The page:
Channel 4 cuts content budget by £150m in response to coronavirus crisis
Channel 4 plans to cut its content budget by £150 million in a bid to navigate through the coronavirus crisis, it has been announced.
The broadcaster said the television advertising market is set to be down in excess of 50% over April and May as the industry feels the impact of the global pandemic.
The channel added it has £95 million of further savings targeted across the organisation, and executive and non-executive board members will take voluntary 20% pay cut and suspend 2020 bonuses.
The savings will come through a full review of planned projects and investments, and a reduction in marketing budgets.
There will also be a full recruitment freeze for all but business critical roles and a review of all third-party costs – and the channel will begin discussions on furloughing around 10% of Channel 4 staff, whose roles are impacted by the current circumstances.
An announcement from the channel said: “We expect to reduce the 2020 content budget by £150 million.
“This reflects both the difficulties of producing programmes and films in the current environment, as well as some extremely difficult decisions to delay or cancel some content across Channel 4, E4 and More 4 across the year.”
It said it will continue to support the creative sector and commission and develop content for 2020 and 2021, and has ring-fenced funding productions from the nations and regions and from BAME-led independent producers.
Ian Katz, director of programmes, said the cuts will impact the whole portfolio, with a number of new shows on E4 also postponed or cancelled.
He added: “The coronavirus crisis has hit all commercial broadcasters with a double whammy of lost production and dramatically-reduced revenues, but it also poses a profound creative challenge which our indie partners have risen to with remarkable ingenuity, speed and resourcefulness.
“Despite the significant impact on our revenues, we believe it is of vital public interest that Channel 4 remains able to editorially respond to this unprecedented crisis so we will be continuing to commission shows that capture the impact of the pandemic on our society, address our viewers’ concerns and help them get through this difficult period.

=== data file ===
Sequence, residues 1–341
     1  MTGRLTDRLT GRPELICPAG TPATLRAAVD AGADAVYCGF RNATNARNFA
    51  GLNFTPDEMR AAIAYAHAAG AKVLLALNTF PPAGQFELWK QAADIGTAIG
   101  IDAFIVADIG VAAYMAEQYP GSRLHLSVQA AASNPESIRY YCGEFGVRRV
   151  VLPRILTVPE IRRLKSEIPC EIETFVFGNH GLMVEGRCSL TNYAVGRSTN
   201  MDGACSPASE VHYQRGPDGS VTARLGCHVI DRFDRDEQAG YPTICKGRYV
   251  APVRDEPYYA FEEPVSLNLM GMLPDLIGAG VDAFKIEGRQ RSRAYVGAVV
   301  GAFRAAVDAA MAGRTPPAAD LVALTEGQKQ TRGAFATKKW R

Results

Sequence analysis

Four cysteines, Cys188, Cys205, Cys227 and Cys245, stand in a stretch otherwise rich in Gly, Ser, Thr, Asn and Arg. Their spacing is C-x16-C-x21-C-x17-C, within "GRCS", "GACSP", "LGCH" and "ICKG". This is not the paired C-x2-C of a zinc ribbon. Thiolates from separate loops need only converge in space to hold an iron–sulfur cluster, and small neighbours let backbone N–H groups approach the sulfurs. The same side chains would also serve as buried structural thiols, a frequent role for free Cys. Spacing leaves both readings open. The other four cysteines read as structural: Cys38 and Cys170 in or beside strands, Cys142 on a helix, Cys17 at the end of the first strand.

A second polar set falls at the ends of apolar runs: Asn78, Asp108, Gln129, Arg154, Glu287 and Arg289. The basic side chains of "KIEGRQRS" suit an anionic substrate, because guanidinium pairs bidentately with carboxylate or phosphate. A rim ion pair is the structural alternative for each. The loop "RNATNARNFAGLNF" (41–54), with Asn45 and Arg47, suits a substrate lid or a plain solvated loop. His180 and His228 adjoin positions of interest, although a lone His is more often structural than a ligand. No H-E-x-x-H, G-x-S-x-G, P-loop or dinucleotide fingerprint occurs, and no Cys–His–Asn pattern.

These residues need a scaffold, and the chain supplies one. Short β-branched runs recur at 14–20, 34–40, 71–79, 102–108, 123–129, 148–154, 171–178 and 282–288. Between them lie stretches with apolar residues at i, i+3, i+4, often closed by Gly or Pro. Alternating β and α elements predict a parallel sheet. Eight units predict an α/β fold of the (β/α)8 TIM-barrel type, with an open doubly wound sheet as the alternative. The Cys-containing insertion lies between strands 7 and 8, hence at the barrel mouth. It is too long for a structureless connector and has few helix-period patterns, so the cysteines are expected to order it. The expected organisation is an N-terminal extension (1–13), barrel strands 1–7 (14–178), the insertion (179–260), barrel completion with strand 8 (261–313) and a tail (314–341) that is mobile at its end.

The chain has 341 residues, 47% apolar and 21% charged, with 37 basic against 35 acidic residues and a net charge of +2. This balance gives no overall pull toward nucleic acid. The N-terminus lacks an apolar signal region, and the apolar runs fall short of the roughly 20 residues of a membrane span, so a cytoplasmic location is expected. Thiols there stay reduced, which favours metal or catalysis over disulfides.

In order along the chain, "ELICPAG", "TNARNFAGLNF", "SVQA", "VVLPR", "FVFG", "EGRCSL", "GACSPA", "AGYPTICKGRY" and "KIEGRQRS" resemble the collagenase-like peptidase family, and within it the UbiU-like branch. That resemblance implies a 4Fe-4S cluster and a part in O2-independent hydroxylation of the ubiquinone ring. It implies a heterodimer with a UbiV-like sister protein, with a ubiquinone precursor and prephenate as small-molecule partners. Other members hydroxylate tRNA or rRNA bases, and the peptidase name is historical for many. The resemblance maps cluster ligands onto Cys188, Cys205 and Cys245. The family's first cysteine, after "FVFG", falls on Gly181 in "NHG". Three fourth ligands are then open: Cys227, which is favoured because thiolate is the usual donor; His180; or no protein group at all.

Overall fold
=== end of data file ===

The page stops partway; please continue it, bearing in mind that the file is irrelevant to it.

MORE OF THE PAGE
Alex Mahon, CEO of Channel 4, said: “As a commercially-funded business, the Covid-19 outbreak has had a severe impact on our advertising revenues, and so we are taking action now to manage our costs appropriately and ensure that we both protect our staff and our ongoing ability to serve our audience.
“We know that these are exceptionally challenging times for everyone in the UK, particularly many of the producers, talent and freelancers we work with across the television and creative industries – and we are committed to safeguarding our long-term ability to invest in distinctive and challenging content and create jobs and opportunities in the sector across the UK.”
The channel has recently commissioned a range of programming in response to the coronavirus crisis, including pulling forward The Steph Show to go live each day, Grayson’s Art Club, Kirstie’s Crafting and Stay At Home, Dick & Angel’s Make, Do & Mend and Jamie: Keep Cooking And Carry On.
Last year, the channel also announced it has signed a new deal for one of its most high profile shows – The Great British Bake Off.
In March 2019, it confirmed a new two-series agreement with Love Productions for The Great British Bake Off, extending the creative partnership until 2021.
It was also recently announced that the broadcaster will move much of ts operation out of London to Leeds.
Around 300 jobs are moving outside the M25, but the broadcaster expects up to 90% of the north-bound roles will not be taken up by current staff.